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Volkswagen Eurovan Catalytic Converter

Volkswagen Eurovan How-to: Troubleshooting a Catalytic Converter

Been trying to start your car for the past hour? There are a multitude of possible reasons why you are finding it difficult to start your Volkswagen Eurovan-from faulty wirings to a damaged ignition system, there are plenty to blame for this problem. However, the most common reason for a car to become nonresponsive is a malfunctioning catalytic converter. A catalytic converter breaks down faster than the parts mentioned above, mainly because it is always exposed to toxic chemicals. Regardless if you are driving or parked in idle, the catalytic converter works non-stop to process these chemicals to less noxious exhaust. It might be that the catalytic converter is simply clogged-in which case, it is easily repairable by cleaning it out. Below are some helpful tips on how you can diagnose a failing catalytic converter:

Visual inspection

Make sure the catalytic converter and its surrounding parts are in good shape. It should be free from rust and cracks. Rusted clamps, flanges, and screws attaching the converter to the exhaust pipes are repairable by sanding. However, if the main converter unit is rusted or cracked, you will need to replace it the soonest you can. There is no way to repair a catalytic converter because its internal structure is complex and very toxic.

Sound test

By hitting the catalytic converter with a rubber mallet-controlled force is, as always, crucial-you can diagnose its internal condition. Are you hearing rattling noises every time you hit the unit? If so, it is very likely that the ceramic block inside is broken to smithereens. Again, you will need to replace the unit if this happens.

Odor test

Does the catalytic converter produce a lot of smoke when you are parked in idle, more so when you're driving? Take note of how the smoke smells. If it gives off a strong acidic odor, it means that the catalytic converter is leaking. If it gives off a strong burnt smell that is not exactly out of the ordinary, it means that the converter is clogged. If this is the case, you can clean the converter when the engine cools down.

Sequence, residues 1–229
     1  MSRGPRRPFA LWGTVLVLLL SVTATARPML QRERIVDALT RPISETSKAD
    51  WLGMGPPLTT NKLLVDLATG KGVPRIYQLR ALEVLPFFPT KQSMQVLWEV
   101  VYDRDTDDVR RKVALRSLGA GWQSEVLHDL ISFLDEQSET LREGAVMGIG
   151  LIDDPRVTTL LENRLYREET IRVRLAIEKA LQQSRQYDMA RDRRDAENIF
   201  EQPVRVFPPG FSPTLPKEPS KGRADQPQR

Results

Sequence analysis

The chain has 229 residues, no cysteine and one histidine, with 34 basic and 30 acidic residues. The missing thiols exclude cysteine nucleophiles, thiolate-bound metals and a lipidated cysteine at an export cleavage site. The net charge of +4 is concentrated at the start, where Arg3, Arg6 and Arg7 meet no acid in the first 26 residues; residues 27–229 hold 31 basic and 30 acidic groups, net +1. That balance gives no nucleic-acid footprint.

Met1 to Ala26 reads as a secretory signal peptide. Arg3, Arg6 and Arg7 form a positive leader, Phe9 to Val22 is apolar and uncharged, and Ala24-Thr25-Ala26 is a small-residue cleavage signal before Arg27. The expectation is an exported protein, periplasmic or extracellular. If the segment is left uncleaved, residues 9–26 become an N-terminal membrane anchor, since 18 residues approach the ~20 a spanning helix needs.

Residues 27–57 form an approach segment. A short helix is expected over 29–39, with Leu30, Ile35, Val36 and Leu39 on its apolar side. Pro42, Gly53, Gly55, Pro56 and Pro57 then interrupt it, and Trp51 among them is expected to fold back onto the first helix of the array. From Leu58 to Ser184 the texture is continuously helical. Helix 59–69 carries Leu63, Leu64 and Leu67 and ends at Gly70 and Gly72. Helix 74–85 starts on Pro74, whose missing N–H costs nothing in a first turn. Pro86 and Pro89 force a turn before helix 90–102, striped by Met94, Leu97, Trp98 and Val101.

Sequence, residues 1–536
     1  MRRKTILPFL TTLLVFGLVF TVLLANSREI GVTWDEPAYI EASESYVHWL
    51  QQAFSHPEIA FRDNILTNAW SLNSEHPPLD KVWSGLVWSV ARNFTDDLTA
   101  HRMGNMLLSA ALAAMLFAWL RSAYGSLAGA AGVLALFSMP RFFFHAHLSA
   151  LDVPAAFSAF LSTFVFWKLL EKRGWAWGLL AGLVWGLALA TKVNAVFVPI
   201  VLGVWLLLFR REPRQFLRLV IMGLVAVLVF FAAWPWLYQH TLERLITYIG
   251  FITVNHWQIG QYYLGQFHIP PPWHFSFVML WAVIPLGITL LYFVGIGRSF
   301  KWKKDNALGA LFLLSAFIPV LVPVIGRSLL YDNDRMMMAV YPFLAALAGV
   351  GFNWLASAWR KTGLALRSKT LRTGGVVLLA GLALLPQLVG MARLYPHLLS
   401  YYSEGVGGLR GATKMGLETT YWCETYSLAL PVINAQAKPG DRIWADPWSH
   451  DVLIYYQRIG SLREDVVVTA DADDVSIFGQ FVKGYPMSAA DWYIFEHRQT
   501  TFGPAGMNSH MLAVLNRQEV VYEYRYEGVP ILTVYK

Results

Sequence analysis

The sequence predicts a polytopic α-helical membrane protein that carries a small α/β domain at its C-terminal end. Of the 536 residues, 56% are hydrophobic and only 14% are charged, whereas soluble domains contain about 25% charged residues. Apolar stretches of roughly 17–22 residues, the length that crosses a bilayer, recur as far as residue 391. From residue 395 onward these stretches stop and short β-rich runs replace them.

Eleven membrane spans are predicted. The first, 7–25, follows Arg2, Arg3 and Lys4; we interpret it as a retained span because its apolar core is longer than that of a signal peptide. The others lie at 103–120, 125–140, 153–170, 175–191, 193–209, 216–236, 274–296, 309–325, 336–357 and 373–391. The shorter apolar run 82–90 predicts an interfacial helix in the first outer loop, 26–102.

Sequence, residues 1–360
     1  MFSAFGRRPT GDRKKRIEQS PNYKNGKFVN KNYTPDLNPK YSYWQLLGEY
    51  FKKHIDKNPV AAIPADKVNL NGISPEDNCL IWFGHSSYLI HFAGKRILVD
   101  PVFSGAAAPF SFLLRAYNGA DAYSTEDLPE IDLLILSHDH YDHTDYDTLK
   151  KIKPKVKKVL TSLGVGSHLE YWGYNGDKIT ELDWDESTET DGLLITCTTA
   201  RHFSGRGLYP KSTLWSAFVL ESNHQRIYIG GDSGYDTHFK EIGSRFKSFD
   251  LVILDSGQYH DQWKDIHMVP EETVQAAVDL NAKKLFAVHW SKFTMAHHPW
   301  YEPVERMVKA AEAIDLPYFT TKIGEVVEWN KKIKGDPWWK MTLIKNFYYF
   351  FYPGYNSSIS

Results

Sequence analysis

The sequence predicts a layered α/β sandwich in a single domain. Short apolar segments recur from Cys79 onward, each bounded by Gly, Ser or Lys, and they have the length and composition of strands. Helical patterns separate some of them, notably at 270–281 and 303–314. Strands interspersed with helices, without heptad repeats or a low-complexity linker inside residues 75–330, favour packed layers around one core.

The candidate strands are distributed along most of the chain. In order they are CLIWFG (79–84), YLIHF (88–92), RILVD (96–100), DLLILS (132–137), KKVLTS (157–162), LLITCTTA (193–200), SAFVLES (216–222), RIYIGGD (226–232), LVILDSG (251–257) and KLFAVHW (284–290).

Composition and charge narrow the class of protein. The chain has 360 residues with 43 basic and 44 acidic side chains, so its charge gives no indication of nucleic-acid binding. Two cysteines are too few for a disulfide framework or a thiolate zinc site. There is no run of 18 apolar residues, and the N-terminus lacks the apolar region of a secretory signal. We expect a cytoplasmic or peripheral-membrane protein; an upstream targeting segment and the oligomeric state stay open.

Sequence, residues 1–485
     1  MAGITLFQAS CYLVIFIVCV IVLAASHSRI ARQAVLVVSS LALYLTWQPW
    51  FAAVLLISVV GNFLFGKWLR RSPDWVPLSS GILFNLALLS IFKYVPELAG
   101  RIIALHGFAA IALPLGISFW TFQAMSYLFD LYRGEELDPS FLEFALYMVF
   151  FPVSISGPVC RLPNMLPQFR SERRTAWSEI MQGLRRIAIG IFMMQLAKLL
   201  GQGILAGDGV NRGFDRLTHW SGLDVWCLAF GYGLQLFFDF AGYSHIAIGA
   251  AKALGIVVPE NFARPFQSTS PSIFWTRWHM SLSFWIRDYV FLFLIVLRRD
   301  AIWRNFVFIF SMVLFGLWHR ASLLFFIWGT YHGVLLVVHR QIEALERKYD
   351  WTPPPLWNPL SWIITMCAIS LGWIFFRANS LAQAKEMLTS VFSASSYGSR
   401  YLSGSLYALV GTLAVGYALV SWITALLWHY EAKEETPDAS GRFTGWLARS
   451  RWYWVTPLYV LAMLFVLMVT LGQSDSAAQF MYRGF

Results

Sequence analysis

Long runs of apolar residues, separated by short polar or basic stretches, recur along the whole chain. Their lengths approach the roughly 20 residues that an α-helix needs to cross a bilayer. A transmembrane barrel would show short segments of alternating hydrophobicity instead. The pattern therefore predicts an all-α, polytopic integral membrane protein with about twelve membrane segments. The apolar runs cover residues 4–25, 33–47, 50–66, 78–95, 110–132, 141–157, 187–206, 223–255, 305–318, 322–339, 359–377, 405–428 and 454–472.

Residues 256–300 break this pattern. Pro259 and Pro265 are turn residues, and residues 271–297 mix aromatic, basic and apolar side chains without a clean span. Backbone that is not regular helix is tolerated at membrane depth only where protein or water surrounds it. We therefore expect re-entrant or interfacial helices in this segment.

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  • Volkswagen Eurovan How-to: Cleaning the Catalytic Converter 27 February 2013

    Acid rain as an environmental problem still exists at present, but its frequency and intensity is mitigated partly by the introduction of catalytic converters. And since the job description of the converter mainly relies on its ability to handle toxic chemicals, particulate buildup is a big no-no. In no way possible can these particulates be kept from accumulating and cultivating inside the unit; there is, however, a way to clean the unit up when the need calls for it. Below are simple tips you should follow to help you maintain the catalytic converter on your Volkswagen Eurovan in top working shape:


    Removing ceramic dust


    Remove the catalytic converter from its mounts to begin the process. Through the rear opening of the converter, insert the hose of a shop vacuum and suck out loose debris and ceramic brick dust. When small, loose particles are removed, push a pry bar into the opening and break up the larger pieces until they are small enough to be released from the opening. When you have assured that the unit is completely free of ceramic debris, you can now reinstall the converter back to its mounts. You might have to use a hammer when breaking large ceramic particles, but controlled force is still imperative. You wouldn't want to puncture the metal casing of the converter, else, you will be obliged to replace the unit entirely.


    Replacing the oxygen sensor


    When you experience engine misfires when driving on the highway, chances are your catalytic converter is clogged, and it can no longer work double-time to compensate for the blockage. A quick fix to this engine misfire if you are not yet ready to replace the catalytic converter, is by cleaning the oxygen sensor. If you uninstall the oxygen sensor from the car, you will notice that it is covered with soot and other black deposits. Remove the grime by using lacquers thinner and laundry detergent, and you should be good to go. It will solve the engine misfires for quite some time until you can purchase a new converter.